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Study Guide

ECON 110- Final Exam Guide - Comprehensive Notes for the exam ( 59 pages long!)
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59 Pages
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Fall 2017

Department
Economics
Course Code
ECON 110
Professor
Michael Frederick Barber
Study Guide
Final

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Queen's
ECON 110
Final EXAM
STUDY GUIDE
Econ Course Materials:
-Can purchase older textbook (Ragan, Christopher T. S., Microeconomics and
Macroeconomics 15th Canadian Edition)
-Subscription for MyEconLab (homework here, due Sunday nights)
-Pearson Catalytics (code available from onQ, link on course page)
-MobLab $12
Economic Issues and Concepts
1. People face trade-offs because of their limited resources (land, labour,
capital) and unlimited wants. Economics is essentially the study of how to
use scarce resources to satisfy human wants, and how people make these
decisions.
2. The opportunity cost of something is what you give up in order to obtain it.
3. Incentives are things that motivate you to act, and people really respond to
incentives. They can be positive (promotion, financial reward, etc) or they
can be negative (failing class, fines, etc).
4. Marginal Thinking: rational people think at the margin, meaning they
evaluate whether the benefit of one more unit of something is greater than
the cost.
5. Trade Creates Value
find more resources at oneclass.com
find more resources at oneclass.com
September 19th, 2017
ECON 111 Gains from Trade
Today we’ll be discussing…
1. Changes in tech and how they affect PPB
2. Specialization
3. Trade (examples)
4. Comparative advantage & absolute advantage
5. Terms of trade
1. How To Impact PPB
To increase our PPB, we can improve our technology or increase our resources.
EX. Production of maple syrup falls on y-axis, and poutine on x-axis.
If we increase our technology to produce poutine, the x intercept will move
further to the right. Similarly, if we increase our technology to produce maple
syrup, the y intercept will shift up.
If we increase our resources, both x and y intercepts will move positively in their
respective directions.
To increase our PPB, we can also engage in specialization and trade.
EX. There are two goods, pizza and wings, and two people, Deborah and Mike.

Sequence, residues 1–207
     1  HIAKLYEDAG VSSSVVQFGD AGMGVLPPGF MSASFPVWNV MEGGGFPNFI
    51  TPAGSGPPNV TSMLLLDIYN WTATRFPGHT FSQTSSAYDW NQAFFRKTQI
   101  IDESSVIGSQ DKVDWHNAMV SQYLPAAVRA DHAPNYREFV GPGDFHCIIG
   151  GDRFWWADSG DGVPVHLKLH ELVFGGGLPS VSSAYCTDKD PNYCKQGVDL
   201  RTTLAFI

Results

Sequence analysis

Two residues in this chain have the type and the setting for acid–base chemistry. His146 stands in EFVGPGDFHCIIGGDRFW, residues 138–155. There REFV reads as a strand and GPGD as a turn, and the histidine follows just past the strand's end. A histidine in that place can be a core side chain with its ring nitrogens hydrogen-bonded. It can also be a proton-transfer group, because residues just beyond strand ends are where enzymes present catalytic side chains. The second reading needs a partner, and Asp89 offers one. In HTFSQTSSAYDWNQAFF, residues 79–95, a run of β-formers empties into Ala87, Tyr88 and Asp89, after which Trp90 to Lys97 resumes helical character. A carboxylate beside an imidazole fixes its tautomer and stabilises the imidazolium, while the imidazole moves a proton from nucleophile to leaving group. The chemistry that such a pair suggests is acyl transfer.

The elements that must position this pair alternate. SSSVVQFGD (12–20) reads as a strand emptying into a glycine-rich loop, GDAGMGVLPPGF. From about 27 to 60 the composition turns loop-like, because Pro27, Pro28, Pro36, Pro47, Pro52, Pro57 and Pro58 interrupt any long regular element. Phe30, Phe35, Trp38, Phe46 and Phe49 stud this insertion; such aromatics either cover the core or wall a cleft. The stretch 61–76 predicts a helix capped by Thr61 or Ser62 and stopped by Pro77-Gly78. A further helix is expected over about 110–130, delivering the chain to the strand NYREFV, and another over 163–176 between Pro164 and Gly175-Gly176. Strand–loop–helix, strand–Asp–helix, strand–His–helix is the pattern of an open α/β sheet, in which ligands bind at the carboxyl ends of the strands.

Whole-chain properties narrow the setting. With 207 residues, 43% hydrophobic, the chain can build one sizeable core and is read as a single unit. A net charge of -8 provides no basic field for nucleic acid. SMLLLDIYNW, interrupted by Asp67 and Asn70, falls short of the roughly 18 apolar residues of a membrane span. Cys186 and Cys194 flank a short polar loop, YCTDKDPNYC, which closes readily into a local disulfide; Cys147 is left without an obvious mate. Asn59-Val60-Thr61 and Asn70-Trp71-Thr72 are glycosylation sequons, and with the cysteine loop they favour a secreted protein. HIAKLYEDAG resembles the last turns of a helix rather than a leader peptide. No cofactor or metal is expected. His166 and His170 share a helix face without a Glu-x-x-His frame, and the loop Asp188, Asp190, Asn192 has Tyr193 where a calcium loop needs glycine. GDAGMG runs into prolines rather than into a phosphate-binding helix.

Daily Production Possibility:
Opportunity Costs:
Without trade (autarky), they have to consume only what they produce. Deborah
could produce 60 pizzas and no wings, 120 wings and no pizzas, or 40 of each.
Mike could product 24 pizzas and no wings, 72 wings and no pizza, or 18 of each.
However, they could each specialize in what they have a lower opportunity cost
in. Therefore, Deborah will produce 60 pizzas and Mike will produce 72 wings,
and they can trade. For example, Deborah may trade 19 pizzas for 47 wings,
Wings
Pizza
Deborah
120
60
Mike
72
24
1 Wing
1 Pizza
Deborah
1/2 Pizza
2 Wings
Mike
1/3 Pizza
3 Wings
find more resources at oneclass.com
find more resources at oneclass.com

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Description
[ECON 110] Comprehensive fall guide including any lecture notes, textbook notes and exam guides.find more resources at oneclass.com Econ Course Materials: -Can purchase older textbook (Ragan, Christopher T. S., Microeconomics and Macroeconomics 15th Canadian Edition) -Subscription for MyEconLab (homework here, due Sunday nights) -Pearson Catalytics (code available from onQ, link on course page) -MobLab $12 Economic Issues and Concepts 1. People face trade-offs because of their limited resources (land, labour, capital) and unlimited wants. Economics is essentially the study of how to use scarce resources to satisfy human wants, and how people make these decisions. 2. The opportunity cost of something is what you give up in order to obtain it. 3. Incentives are things that motivate you to act, and people really respond to incentives. They can be positive (promotion, financial reward, etc) or they can be negative (failing class, fines, etc). 4. Marginal Thinking: rational people think at the margin, meaning they evaluate whether the benefit of one more unit of something is greater than the cost. 5. Trade Creates Value find more resources at oneclass.com
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